Whenever we poll leadership audiences on how many of their organizations are concerned about employee engagement, most report this is as a vital issue. It’s been well documented that highly engaged employees lead to much higher levels of productivity, customer service, innovation, and quality with lower levels of turnover and absenteeism.
To boost mediocre or slipping engagement levels, many organizations look at pay, benefits, career development, working conditions, flexible schedules, childcare, or work-life balance. These factors do have some influence on engagement.
However, the single biggest variable is the immediate manager or supervisor. The daily work environment — how team members treat each other, respect, trust, communication, relationships, shared ownership for group goals, understanding and buying-in to the why of changes, autonomy, having a say in daily work, job design — are paramount to engagement.
These critical factors are determined by the local leader. This chart shows the direct and profound relationship between a leader’s effectiveness and the engagement of his or her direct reports:
The bottom axis of this chart shows how about 250,000 people assessed the effectiveness of 23,800 leaders through 360 feedback assessments. The raters included the leader’s manager, peers, direct reports, and others who work with him or her. The left vertical axis shows only how direct reports of these leaders rate their levels of satisfaction, engagement, and commitment.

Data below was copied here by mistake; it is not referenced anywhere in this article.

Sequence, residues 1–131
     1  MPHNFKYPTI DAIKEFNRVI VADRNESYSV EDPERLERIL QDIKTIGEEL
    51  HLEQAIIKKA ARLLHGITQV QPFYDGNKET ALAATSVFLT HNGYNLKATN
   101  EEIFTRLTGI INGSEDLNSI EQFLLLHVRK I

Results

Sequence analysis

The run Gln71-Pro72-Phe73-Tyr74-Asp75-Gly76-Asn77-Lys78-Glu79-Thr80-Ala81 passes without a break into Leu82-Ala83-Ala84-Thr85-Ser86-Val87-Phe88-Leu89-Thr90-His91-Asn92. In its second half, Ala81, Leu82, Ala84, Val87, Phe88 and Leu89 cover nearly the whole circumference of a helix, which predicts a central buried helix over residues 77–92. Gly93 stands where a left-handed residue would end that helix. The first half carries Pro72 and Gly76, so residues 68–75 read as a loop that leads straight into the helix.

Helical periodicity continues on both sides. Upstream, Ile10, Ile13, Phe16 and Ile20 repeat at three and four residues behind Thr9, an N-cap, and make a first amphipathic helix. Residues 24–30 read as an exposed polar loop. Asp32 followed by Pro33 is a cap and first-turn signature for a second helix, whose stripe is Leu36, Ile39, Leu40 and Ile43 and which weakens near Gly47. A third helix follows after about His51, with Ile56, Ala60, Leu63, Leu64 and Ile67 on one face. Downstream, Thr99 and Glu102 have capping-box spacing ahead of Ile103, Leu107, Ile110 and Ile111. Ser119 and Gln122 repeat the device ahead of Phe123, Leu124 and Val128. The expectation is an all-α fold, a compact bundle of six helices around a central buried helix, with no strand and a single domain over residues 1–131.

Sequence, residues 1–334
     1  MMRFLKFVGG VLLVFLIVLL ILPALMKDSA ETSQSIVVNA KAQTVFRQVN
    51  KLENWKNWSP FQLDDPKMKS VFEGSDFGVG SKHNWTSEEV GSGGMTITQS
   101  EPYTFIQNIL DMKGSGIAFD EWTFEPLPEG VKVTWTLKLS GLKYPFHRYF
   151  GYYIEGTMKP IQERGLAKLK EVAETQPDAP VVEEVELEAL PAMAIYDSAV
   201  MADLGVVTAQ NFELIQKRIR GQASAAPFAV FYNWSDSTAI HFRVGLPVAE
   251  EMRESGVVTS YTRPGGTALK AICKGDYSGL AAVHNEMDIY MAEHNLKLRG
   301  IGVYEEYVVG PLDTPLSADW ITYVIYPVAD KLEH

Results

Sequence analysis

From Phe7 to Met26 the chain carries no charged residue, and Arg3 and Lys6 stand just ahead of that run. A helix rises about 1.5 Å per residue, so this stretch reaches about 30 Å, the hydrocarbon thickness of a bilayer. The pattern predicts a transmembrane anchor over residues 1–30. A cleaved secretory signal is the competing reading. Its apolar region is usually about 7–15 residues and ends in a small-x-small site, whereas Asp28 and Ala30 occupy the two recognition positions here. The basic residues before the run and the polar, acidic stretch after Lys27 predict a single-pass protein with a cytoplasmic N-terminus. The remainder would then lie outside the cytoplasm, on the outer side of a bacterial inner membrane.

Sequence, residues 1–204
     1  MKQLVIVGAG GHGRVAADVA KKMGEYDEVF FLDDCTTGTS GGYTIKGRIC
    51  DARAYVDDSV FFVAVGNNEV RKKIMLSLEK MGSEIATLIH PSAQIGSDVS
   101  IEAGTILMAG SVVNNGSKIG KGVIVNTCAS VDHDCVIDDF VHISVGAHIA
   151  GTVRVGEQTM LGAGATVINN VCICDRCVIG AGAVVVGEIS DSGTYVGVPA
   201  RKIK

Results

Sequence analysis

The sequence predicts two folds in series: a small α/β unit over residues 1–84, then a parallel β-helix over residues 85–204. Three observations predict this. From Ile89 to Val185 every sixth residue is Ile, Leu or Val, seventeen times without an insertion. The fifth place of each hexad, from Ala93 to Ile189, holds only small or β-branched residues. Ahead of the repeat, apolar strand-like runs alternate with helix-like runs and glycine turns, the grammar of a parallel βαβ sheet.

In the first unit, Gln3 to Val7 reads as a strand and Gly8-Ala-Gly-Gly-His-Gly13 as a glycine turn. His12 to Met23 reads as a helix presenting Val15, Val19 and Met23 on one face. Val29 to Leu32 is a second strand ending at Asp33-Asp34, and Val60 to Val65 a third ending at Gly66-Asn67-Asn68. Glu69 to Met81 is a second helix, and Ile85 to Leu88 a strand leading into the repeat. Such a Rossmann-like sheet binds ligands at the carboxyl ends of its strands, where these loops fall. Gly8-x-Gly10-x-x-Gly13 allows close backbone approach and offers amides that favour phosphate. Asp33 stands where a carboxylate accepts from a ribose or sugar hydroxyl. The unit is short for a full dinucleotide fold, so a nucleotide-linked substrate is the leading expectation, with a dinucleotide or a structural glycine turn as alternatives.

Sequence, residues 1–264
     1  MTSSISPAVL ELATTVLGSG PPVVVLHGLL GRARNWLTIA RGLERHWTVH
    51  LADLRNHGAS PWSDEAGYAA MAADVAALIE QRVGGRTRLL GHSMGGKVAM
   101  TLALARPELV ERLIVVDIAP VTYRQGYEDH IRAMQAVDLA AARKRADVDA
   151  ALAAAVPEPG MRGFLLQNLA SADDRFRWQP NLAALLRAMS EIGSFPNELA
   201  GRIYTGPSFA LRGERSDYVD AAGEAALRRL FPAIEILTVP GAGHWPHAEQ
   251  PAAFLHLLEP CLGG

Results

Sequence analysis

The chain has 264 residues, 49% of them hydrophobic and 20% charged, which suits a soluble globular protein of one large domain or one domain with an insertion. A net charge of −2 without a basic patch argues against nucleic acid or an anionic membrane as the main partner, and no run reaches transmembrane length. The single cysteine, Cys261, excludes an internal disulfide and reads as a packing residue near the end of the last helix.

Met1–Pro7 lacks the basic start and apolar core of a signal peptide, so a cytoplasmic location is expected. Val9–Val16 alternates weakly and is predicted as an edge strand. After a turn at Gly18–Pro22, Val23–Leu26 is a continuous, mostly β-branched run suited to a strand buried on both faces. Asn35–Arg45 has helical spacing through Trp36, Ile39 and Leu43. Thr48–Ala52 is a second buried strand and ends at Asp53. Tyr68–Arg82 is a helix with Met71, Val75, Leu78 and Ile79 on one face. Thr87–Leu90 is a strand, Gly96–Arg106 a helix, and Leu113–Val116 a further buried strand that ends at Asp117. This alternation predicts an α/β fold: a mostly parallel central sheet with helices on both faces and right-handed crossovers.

To see a 2:20 minute excerpt of me explaining this chart at a workshop, click on The Impact of Leadership on Employee Engagement.
We’ve consistently seen this pattern over many years across all industries in large or smaller organizations. The message is clear; the single biggest employee engagement variable is the boss. Improve his or her leadership effectiveness and engagement increases. People join an organization but quit their boss.
Rather than quitting and leaving the organizations, many people quit and stay. This on-the-job-retirement or doing the least required to stay employed carries a huge cost.